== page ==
After almost seven years of discussions and proposals, UF will welcome its first class of Ph.D. plant breeding students Fall. The new program is one of six in the country and the only one in Florida.
Led by newly established plant breeding graduate program director Patricio Muñoz, the program will bring students hands-on experience in the fields and labs ensuring crops resists diseases, fruits taste good and plants emit a pleasant aroma.
“Every product that we create or we develop, it can have a huge impact on the sustainability of the way things are done in agriculture,” Muñoz, an associate professor at UF’s Horticulture Science Department and a blueberry breeder, said. “One of my goals as an educator is to transmit this passion to my students.”
Muñoz said the state depends on the products or varieties that have been developed by plant breeders. UF has created two industry hybrids, Yellowstone and Everglades, from the sweet corn breeding program, which is now available commercially.
“We already have an excellent group of plant breeders creating a huge impact, not just for the university, the state, the country, but also globally,” Muñoz said.
As one of the seven students in the first cohort, Mark Porter, a 22-year-old Pennsylvania State plant sciences graduate, will specialize in genetics of strawberry flavor.
"I was confident that I wanted to do the program at University of Florida," Porter said. "That kind of was an advantage in that sense because I knew right away what I was going to get to work on."
Porter remembers being amazed at the different variations of fruits and vegetables as a kid. He credits his trips to the grocery store and gardening for his love of plants and passion for plant breeding.
“I saw, like, a red banana for the first time and I was like, ‘What? I thought bananas were only yellow,’” Porter said. “Like it almost blew my mind.”
During his sophomore year at Pennsylvania State, he took a class on plant breeding with professor of plant genetics Majid Foolad, who opened his eyes to the significance of the field and inspired him to continue down this career path.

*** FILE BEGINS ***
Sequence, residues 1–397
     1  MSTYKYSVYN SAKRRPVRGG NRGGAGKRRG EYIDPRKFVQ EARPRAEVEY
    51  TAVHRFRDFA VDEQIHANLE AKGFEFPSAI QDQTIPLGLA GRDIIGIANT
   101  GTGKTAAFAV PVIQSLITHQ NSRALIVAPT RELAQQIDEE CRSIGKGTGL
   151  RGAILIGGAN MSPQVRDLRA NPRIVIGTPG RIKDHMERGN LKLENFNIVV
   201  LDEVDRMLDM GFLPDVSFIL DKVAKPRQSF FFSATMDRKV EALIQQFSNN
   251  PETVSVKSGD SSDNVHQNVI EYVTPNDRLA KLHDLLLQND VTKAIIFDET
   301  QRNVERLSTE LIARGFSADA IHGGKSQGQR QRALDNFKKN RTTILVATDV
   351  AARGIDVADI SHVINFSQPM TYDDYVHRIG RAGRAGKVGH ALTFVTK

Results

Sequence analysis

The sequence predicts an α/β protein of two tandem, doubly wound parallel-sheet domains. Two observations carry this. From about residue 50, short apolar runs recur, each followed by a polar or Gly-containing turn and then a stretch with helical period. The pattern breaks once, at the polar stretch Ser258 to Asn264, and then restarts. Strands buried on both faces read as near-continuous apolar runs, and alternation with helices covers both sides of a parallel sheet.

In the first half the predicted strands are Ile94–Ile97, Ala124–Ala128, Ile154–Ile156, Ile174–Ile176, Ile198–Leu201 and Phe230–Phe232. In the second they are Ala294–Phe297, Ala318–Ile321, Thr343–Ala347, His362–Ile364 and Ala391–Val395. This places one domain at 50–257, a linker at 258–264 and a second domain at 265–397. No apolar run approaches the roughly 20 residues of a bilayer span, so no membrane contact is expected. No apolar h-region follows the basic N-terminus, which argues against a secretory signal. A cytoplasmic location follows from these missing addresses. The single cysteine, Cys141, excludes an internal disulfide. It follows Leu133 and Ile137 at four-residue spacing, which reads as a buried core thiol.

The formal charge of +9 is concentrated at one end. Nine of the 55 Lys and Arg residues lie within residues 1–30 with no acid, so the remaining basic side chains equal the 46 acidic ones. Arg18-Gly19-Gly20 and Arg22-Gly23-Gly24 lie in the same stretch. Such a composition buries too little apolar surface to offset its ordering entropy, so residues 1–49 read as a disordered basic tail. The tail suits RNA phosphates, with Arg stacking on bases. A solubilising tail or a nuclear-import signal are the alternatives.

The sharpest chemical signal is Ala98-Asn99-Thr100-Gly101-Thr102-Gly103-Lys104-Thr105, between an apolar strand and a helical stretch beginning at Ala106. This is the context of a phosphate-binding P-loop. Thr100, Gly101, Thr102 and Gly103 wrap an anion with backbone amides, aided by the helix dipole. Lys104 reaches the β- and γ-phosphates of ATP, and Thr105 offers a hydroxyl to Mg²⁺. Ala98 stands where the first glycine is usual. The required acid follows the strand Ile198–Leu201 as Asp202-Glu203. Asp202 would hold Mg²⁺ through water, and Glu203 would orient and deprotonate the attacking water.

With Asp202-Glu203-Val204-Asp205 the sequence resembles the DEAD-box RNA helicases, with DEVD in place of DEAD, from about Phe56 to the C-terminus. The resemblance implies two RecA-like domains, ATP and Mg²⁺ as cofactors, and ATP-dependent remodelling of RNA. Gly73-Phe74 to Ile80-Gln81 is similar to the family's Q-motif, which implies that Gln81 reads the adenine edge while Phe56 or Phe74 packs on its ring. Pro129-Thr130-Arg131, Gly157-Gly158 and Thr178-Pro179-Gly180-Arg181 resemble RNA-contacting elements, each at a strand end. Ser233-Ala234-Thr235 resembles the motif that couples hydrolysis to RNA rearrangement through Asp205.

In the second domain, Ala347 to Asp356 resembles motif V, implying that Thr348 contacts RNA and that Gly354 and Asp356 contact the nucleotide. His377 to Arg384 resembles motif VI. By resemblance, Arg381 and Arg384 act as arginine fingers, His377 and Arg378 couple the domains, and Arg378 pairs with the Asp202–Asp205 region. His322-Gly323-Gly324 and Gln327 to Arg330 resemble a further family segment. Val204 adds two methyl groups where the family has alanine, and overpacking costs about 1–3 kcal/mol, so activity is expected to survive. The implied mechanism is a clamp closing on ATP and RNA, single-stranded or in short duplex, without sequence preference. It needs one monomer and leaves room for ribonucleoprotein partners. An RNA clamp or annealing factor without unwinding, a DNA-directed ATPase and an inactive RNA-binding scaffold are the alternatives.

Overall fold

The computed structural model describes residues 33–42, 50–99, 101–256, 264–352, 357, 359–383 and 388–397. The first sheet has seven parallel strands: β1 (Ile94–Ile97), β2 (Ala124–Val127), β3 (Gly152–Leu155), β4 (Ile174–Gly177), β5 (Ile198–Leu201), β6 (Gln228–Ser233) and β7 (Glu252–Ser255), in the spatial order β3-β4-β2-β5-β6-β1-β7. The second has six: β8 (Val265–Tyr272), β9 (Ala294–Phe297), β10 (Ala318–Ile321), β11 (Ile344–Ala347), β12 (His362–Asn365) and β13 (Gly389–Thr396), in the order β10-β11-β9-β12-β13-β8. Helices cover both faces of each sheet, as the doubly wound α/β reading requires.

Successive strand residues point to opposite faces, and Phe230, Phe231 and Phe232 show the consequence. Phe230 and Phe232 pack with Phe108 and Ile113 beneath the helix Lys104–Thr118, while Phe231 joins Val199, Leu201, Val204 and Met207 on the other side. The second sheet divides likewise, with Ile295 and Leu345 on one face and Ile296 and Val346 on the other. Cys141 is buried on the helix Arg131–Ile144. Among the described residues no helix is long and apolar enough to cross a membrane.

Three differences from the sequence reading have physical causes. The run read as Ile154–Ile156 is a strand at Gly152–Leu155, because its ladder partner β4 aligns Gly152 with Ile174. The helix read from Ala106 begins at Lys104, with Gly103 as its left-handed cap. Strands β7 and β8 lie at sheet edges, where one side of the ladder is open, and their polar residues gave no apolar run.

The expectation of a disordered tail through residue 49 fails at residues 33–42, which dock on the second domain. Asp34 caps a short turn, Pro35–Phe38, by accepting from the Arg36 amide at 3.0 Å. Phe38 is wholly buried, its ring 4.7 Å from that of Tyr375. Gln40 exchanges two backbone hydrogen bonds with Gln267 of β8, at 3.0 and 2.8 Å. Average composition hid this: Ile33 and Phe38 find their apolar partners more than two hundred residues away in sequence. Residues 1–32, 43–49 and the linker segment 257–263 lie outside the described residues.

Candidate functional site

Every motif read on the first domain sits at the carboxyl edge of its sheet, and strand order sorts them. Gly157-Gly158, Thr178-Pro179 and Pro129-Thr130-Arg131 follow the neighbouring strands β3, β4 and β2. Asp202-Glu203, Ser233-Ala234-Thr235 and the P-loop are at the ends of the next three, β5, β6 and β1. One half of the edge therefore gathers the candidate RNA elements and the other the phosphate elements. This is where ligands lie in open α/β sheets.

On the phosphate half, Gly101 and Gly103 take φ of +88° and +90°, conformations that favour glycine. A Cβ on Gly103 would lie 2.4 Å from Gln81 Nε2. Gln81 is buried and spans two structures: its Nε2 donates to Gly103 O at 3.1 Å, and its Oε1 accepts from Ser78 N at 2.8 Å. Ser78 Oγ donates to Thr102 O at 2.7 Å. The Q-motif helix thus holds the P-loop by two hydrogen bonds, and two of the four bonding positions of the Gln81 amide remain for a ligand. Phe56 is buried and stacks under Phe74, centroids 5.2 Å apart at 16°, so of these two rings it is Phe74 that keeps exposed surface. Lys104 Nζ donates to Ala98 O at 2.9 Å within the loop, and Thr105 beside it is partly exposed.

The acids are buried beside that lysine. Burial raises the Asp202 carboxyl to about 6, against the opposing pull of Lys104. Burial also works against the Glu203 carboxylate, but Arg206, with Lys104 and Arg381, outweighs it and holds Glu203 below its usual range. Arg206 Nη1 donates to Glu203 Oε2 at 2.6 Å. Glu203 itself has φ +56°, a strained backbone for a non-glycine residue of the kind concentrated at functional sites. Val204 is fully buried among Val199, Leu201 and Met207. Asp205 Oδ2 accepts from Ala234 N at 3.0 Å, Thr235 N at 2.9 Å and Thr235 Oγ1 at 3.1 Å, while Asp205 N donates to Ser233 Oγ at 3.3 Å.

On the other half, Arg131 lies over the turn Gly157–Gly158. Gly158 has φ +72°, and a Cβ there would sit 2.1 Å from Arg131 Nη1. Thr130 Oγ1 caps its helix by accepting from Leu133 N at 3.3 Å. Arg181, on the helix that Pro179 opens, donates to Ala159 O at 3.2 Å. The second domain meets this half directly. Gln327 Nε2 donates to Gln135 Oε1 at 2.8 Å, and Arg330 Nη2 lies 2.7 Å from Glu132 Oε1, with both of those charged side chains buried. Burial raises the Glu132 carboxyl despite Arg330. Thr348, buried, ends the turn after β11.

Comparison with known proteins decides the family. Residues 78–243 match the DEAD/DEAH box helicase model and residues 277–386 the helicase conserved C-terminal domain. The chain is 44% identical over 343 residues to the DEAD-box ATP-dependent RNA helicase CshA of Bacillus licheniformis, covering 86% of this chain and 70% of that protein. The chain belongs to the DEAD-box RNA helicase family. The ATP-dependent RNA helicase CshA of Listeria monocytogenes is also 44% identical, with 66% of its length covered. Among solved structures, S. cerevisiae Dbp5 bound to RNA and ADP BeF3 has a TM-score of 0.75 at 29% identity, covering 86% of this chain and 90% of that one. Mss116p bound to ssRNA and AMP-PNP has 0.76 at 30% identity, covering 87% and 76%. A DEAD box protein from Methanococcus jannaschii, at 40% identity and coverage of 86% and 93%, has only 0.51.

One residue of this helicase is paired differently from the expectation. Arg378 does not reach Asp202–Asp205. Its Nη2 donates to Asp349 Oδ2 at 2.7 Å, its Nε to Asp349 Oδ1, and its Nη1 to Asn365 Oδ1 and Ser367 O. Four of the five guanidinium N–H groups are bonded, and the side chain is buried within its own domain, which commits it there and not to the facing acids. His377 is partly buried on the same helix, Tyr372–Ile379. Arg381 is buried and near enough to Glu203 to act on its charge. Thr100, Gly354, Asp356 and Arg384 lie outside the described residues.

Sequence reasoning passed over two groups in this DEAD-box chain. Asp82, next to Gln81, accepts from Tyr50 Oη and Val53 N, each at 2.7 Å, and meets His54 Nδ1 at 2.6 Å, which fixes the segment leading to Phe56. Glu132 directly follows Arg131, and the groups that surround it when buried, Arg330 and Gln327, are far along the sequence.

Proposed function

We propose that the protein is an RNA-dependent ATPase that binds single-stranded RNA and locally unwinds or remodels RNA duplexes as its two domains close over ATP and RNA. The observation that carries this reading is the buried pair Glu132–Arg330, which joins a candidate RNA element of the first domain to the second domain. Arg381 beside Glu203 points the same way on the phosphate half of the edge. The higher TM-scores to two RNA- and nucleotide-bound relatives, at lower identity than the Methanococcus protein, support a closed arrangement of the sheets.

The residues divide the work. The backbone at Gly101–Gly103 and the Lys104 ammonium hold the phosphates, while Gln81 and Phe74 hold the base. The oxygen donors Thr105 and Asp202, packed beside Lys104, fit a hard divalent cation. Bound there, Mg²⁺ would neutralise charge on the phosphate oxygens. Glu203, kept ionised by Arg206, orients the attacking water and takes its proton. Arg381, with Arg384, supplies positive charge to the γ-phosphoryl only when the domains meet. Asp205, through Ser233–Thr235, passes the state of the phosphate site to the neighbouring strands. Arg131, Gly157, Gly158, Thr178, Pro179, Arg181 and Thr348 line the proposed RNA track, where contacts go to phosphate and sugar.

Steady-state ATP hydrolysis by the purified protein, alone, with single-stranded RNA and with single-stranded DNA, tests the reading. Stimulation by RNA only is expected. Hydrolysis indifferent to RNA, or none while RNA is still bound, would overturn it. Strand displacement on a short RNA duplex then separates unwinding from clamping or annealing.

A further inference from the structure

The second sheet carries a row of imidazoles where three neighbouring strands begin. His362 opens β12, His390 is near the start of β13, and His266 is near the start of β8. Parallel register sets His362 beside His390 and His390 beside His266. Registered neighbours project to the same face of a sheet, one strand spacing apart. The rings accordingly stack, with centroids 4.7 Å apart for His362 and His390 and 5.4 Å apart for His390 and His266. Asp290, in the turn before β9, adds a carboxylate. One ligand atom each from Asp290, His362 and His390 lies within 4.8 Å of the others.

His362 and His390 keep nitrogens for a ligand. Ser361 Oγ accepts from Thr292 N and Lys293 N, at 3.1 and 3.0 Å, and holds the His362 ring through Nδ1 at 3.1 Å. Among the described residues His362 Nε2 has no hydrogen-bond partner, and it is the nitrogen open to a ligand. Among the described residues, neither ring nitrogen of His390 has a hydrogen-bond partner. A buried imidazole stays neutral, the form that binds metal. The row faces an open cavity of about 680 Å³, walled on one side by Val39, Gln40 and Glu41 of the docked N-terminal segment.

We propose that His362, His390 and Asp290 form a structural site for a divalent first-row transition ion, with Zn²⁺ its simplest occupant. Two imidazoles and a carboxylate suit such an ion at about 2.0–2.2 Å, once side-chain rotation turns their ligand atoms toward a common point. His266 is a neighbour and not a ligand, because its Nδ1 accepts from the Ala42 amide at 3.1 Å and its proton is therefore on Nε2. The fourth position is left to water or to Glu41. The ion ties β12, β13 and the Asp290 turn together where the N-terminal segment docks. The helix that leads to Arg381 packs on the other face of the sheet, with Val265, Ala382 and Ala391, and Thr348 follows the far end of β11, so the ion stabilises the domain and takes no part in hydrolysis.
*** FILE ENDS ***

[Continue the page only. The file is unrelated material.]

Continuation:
“He stressed this need for plant breeders and how, you know, as the world changes, the climate changes — we're going to need to really innovate with our approach to creating new varieties,” Porter said.
UF/IFAS employs 27 faculty members across seven research and education centers in Florida. They breed 50 diverse plant species, including blueberries located at UF’s main campus and strawberries in the Gulf Coast.
Vance Whitaker, chair of the plant breeding working group and associate professor of horticulture, works with strawberries at the Gulf Coast research and education center. In his department, precision breeding faculty will be hired specifically for the plant breeding program.
The program is funded by UF/IFAS and UF/CALS for personnel, recruitment, fellowships and tuition assistance, Whitaker said.
“One of the big motivations for creating this unified graduate program was the hope that it would help us attract the very best students to come to UF,” Whitaker said. “Having this cross departmental program gives us greater visibility to compete with other land grant institutions around the U.S. that have strong plant breeding programs.”
In the proposal to the Board of Governors, Whitaker said it was easy to justify the need for the plant breeding program.
“It's just an area with a lot of demand right now,” Whitaker said. “Creating better crops that you know yield more and on less land and can be more sustainably produced are you know going to have to be a huge part of the solution to feeding a world that has a burgeoning population.”
The program will include in-person and online coursework. Plant breeding working group overall coordinator Eliana Kampf wrote the program will include molecular techniques, quantitative genetics and analysis of breeding trials. It will attract federal and private funding which in turn will be used toward educating new plant breeding graduates.
“In the future we plan to recruit additional top-notch students by broadly targeting prospective students in peer institutions,” Kampf wrote. “A proactive recruitment plan to identify and attract top state, national and international students to the University of Florida and align it with its pre-eminence goals is in motion.”
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Isabella Douglas is a fourth-year journalism major and the Fall 2023 editor-in-chief for The Alligator. She has previously worked as the digital managing editor, metro editor, criminal justice reporter and as a news assistant. When she isn't reporting, she can be found reorganizing her bookshelf and adding books to her ever-growing TBR.